OHS Collections Roadshow


Collections staff are packing up their cameras, computers and white gloves. Columbus based employees will get to visit historical sites, examine objects and meet their colleagues across the state, from Perrysburg near Toledo to Marietta on the Ohio River. From April through October they will be completing thorough inventories of collections that are displayed or stored at 16 Ohio Historical Society sites. Staff will process over 10,000 objects stored at sites in an unprecedented effort to provide site staff with accurate and complete inventories of collections in their care. Over 24 staff will participate in the inventory project, along with dozens of volunteers and student interns. Teams are documenting collections as diverse as Florence Hardings piano and Zane Greys fishing hat. They will visit sites Monday through Wednesday in order to cause the least disruption during heavy visitation days. Regular inspection of objects on display or in storage is an integral part of professionally managing museum collections. While site inventories have always been part of our responsibility, we are intensifying our efforts as the Society enters into management agreements with local organizations. Under the terms of the management agreements local organizations are responsible for day to day management and staffing of the sites. The Society will continue to care for the historical objects kept there. “We are, in effect, creating a museum without walls,” says Sharon Dean, Director of Collections Services at OHS. “We need to think of the real stuff’ of history being located statewide, not just in Columbus. Completing the site inventories is a top priority for the Collections Division. This effort requires interdivisional cooperation, according to Sharon Dean, Director of Collections Services. Staff in collections will work closely with colleagues in the Sites, Outreach and Historic Preservation and Education and Interpretation divisions. Within the division, staff who specialize in caring for museum objects will be joined in the field by their colleagues from the State Archives, Preservation and Access, and Research Services departments. Dr. Dean further explains, Having staff from multiple disciplines complete these inventories will increase our knowledge of collections and will create better relations with our site partners. As part of the inventory process teams will take high resolution digital photographs of all collection objects. Most items will be photographed from multiple angles to document their appearance and condition. Digital images will eventually be uploaded to our website. They will compliment written descriptions of the objects and simplify object identification, states Angela ONeal, manager of the Preservation and Access Services department. We will also be able to reproduce these photographs for exhibits and publications or to put them online in our digital library.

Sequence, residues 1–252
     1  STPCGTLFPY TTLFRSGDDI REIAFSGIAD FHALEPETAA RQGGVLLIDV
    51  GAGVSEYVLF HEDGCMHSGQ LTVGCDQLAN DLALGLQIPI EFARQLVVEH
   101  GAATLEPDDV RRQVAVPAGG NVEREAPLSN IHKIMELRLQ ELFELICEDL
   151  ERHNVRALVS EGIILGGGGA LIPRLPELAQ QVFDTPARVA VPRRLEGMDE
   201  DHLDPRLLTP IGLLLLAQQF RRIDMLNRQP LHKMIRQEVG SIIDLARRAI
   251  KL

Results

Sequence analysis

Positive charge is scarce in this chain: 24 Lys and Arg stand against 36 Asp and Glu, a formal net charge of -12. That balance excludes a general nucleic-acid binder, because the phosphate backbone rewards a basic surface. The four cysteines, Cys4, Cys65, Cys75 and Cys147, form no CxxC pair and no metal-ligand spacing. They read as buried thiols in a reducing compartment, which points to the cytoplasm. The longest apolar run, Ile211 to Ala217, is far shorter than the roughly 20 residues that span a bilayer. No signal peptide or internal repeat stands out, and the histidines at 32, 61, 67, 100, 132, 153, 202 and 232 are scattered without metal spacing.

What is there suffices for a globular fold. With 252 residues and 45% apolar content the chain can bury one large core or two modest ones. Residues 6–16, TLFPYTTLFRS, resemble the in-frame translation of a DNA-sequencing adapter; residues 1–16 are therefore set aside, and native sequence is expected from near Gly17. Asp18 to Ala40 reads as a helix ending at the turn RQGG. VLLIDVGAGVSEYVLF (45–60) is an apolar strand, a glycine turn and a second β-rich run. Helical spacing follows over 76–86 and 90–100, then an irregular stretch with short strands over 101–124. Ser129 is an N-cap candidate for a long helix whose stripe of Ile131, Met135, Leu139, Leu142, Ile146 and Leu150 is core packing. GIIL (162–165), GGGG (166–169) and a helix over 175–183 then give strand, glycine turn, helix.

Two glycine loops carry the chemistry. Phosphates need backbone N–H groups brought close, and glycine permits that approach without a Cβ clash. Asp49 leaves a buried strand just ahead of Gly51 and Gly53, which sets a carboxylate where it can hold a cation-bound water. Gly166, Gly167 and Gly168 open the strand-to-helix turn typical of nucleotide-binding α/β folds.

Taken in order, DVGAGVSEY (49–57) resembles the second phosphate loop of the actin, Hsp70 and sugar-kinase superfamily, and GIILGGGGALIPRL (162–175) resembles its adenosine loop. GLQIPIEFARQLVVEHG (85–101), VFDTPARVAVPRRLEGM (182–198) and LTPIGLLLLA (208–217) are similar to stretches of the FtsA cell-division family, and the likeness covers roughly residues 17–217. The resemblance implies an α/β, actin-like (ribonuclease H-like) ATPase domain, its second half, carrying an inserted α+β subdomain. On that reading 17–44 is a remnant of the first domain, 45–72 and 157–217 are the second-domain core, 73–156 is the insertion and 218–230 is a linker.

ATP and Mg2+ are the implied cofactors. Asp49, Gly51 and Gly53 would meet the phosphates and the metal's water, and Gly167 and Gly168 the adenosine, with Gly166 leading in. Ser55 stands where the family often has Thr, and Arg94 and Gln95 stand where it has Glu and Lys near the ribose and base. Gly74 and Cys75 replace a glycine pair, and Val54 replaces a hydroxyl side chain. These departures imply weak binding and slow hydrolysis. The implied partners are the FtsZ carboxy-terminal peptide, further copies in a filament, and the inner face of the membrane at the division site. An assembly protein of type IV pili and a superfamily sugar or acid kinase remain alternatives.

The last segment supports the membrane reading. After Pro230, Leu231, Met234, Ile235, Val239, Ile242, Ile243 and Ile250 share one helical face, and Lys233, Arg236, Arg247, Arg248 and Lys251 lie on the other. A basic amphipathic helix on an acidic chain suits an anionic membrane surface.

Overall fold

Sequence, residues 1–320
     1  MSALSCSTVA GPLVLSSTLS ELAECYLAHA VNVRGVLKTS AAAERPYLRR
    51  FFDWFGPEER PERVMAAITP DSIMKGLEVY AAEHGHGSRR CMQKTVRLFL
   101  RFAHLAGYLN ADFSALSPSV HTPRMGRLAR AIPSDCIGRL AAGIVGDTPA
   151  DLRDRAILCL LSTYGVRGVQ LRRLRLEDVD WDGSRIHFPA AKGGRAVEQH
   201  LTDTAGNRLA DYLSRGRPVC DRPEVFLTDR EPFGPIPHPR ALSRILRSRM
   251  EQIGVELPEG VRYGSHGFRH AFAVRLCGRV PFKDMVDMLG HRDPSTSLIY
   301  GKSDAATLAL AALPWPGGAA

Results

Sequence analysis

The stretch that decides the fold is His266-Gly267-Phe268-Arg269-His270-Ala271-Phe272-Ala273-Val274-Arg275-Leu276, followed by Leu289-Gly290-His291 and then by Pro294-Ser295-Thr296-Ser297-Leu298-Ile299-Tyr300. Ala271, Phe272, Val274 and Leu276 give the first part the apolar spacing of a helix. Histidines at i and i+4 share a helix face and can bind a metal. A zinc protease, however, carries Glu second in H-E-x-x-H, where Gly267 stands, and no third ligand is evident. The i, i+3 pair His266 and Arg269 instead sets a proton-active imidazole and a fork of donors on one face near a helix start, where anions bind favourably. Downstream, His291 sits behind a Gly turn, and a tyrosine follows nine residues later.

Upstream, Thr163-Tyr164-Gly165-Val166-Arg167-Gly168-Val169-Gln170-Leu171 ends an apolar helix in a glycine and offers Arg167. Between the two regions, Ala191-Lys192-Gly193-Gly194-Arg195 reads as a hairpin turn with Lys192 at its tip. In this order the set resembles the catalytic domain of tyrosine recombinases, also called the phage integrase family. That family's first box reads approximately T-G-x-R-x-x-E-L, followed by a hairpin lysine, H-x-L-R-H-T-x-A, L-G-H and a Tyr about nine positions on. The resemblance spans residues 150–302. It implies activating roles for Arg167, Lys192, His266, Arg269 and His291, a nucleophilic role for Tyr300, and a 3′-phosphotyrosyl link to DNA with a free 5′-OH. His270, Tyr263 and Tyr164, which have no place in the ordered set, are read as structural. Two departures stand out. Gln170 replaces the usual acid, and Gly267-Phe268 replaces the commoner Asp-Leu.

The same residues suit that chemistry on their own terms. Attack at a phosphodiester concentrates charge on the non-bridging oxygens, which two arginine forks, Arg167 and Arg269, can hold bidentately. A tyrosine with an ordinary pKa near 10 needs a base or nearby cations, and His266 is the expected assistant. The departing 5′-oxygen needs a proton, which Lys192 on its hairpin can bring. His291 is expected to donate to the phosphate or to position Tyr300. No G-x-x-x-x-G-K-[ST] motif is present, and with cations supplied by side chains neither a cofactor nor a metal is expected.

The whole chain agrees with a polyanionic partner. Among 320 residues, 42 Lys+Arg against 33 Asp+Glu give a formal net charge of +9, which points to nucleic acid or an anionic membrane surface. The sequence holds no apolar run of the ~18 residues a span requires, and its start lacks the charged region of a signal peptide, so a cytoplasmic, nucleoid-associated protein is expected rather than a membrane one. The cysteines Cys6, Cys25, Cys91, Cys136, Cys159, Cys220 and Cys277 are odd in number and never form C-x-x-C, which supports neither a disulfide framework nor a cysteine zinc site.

Assistant registrar taking photographs of items on display in the visitor center at Fort Meigs.Assistant registrar taking photographs of items on display in the visitor center at Fort Meigs.

Site inventories will give the Collections staff a great opportunity to improve object descriptions and to build our online catalog for public use. Who knows? We may even rediscover some great historical treasures in our collections. To follow the progress of the site inventory project please continue to visit our Collections blog. Staff will be logging on to share their experiences as they travel the state and give a behind the scenes perspective of museum work.
Two staff members cataloging objects in the visitor center at Fort Meigs.Two staff members cataloging objects in the visitor center at Fort Meigs.

Sites to be inventoried are: Fort Meigs, a reconstructed fort from the War of 1812 in Perrysburg Neil Armstrong Air and Space Museum in Wapakoneta Piqua Historical Area, which includes the home of John Johnston Adena Mansion and Gardens, the home of Thomas Worthington in Chillicothe Fort Ancient, prehistoric earthworks in Oregonia Fort Hill, a nature preserve in Hillsboro Serpent Mound, a world famous effigy mound in Adams County Flint Ridge, the site of prehistoric flint quarries President Warren G. Harding home in Marion Newark Earthworks Wahkeena Preserve in Sugar Grove National Road/Zane Grey Museum in Norwich Campus Martius in Marietta Zoar Village in Tuscarawas County Museum of Ceramics in East Liverpool Youngstown Historical Center of Industry and Labor

Posted June 8, 2009
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